Our Human Potential

The Unassailable Path of Love, Compression, and Meditation

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Dalai Lama
Core Teachings of Dalai Lama
  • Boulder, CO: 
    Shambhala Publications
    , May
     256 pages.
     For other formats: Link to Publisher's Website.


Our Human Potential: The Unassailable Path of Love, Compassion, and Meditation was recently reissued by Shambhala Publications as part of an eight-part series entitled The Core Teachings of the Dalai Lama. It was first published under the title The Dalai Lama at Harvard in 1988. In the present edition, there appears to be no revision or emendation to Jeffrey Hopkins’ original translation and notes taken from a week of lectures in 1981.

Here, His Holiness the Dalai Lama assumes an intellectually advanced audience to “speak about Buddhism and particularly about its philosophy” (1). While the book’s title and summary are vague on this front, these lectures form a wide-ranging and intensive introduction to Tibetan Buddhist philosophy, inclusive of its epistemology, logic, metaphysics (ontology, time, cosmology, etc.), and meditative practice. The book’s ten chapters alternate between morning talks and afternoon question-and-answer sessions followed by additional lectures. Working within the overarching framework of The Four Noble Truths, the Dalai Lama focuses primarily on the views of the Mind-Only (dbu ma pa, mādhyamika) and Middle Way (sems tsam pa, cittamātra) schools. Hopkins’ notes provide the necessary original Tibetan and Sanskrit for many translated terms.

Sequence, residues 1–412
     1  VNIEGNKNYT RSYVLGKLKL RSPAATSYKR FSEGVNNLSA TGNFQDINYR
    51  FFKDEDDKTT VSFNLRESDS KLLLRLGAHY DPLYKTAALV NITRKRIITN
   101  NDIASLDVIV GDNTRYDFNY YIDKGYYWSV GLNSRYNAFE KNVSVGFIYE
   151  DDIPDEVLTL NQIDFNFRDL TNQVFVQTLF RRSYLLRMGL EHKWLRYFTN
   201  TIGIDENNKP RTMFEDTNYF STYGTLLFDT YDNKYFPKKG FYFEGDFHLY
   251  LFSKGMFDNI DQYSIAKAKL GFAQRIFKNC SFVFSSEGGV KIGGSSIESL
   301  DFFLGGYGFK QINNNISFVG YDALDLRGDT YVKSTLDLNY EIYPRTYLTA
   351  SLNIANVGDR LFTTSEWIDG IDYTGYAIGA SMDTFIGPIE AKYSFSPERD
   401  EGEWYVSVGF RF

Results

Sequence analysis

Chapter 1, “The Buddhist Analytical Attitude,” delves deeply into epistemology and exegesis with a protracted series of lists structurally similar to modes of ancient Indic (āstika) philosophical investigation (e.g., Nyāya and Mīmāṃsā). The reader who is not expressly seeking a thorough understanding of logical postulates may therefore be deterred from moving deeper into the text, as the subject matter here is indeed highly technical. For many readers, it will be wise to keep a notebook close at hand to track the numerous doctrinal and philosophical “divisions,” which the Dalai Lama imparts effortlessly from memory. These divisions index historical distinctions made by Buddhist epistemologists in the development of Indian Buddhist philosophy primarily in the first millennium CE.

We then move to chapter 2, “The Situation of Cyclic Existence,” in which His Holiness elaborates upon metaphysics in Tibetan Buddhist thought including the effects of both coarse and subtle levels of mind-consciousness on reincarnation. The initial Q & A session also introduces the doctrine of Buddha Nature and its connection to Highest Yoga Tantra practices. In chapter 3, “The Psychology of Cyclic Existence,” His Holiness distinguishes between the ontology of the Buddha in the Shravaka (“Hearer” or Mainstream schools) and the Mahayana triple-body system (45). He then enters into a discussion of the effects of one’s mental state (i.e., one’s emotions and resulting actions), on karma and well-being. The content and language in this chapter continues in the technical vein—the Dalai Lama is painstakingly deliberate in the mode of an accomplished logician. The following chapter, “More About Consciousness and Karma,” yields gems of Dharmic thought for the patient reader. It stresses, for example, that selflessness does not contradict an inherent sense of necessary “courage” and belief in our own capabilities (55-56).